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Angelika Klüssendorf's novel: "The Girl" - an excerpt


Lumps of shit are flying through the air, brushing the branches of a lime-tree, hitting the roof of a passing bus, landing on a young woman's straw hat, smacking against the pavement. Passers-by stop and look upwards. The hot sun glows with a sulphurous yellow, excrement is raining down but not from the sky. It's the postman who first realises what's happening. As he points to a third-floor window in a block of rented flats, everyone turns to look with a mixture of amazement and disgust. The building is no different from others in the street, its walls marked by patches of soot, war-time bullet-holes and flaking plasterwork.  At the open window a girl's head can be seen, and a skinny arm, poised to launch again. The next clump is already on its way down. People stand in doorways to watch the goings-on. The young woman holds the soiled straw hat at arm's length, there are increasingly loud calls for the sector police to come and the postman jumps sideways as a turd lands right at his feet. Then the window is slammed shut. It's a miracle it doesn't break. After a while, people move off and go about their business.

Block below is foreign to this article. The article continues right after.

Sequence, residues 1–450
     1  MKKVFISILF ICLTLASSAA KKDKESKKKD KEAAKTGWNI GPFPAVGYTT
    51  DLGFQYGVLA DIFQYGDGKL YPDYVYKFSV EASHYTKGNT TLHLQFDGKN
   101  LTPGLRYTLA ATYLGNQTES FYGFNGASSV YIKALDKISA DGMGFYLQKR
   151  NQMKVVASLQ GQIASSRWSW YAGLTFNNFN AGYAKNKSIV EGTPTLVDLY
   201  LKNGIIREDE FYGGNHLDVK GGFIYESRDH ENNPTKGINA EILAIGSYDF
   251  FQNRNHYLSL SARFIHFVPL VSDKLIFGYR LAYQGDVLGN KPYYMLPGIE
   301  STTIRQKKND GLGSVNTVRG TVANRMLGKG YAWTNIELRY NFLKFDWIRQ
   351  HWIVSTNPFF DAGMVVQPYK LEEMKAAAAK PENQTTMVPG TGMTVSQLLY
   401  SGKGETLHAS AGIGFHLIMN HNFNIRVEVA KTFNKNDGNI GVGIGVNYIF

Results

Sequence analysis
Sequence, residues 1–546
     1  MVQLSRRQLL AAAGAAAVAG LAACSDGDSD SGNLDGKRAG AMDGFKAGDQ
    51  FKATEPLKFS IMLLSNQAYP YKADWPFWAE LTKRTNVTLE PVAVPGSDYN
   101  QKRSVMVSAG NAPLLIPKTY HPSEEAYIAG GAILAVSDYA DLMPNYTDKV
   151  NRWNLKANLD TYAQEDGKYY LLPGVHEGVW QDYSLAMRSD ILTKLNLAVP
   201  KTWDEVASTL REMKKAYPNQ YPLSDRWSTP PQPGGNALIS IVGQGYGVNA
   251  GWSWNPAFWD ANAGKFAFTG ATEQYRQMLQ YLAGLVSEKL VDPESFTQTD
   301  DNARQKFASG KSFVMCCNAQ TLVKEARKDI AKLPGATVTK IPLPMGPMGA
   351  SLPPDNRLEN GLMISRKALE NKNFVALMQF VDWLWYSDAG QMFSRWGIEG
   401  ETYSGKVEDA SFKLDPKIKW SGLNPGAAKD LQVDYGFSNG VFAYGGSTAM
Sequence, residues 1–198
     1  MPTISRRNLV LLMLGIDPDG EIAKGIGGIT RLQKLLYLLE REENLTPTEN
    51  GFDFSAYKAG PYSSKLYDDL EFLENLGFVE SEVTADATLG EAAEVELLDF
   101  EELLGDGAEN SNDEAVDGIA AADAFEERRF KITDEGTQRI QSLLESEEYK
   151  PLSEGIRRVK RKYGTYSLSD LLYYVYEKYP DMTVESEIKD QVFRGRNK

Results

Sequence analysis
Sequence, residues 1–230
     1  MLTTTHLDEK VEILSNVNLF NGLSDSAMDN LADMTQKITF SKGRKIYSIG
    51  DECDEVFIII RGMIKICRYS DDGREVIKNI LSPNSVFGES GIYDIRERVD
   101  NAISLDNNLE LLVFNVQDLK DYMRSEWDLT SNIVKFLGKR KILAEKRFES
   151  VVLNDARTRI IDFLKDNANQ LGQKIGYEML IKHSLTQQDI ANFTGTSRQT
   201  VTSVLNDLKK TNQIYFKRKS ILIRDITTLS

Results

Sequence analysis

That was a real stink attack, she thinks to herself, as she stands there, shaded by the curtains. An engine roars in the distance. It's hot and muggy. Like a gas, boredom has rapidly permeated the room again, suffocating her. Head throbbing, she goes into the kitchen, washes her hands and drinks straight from the tap. The girl is twelve. She and her five-year-old brother, Alex, have been shut in the flat for days and, because the toilets in these blocks are always on the next level down, a load of shit has piled up in a bucket.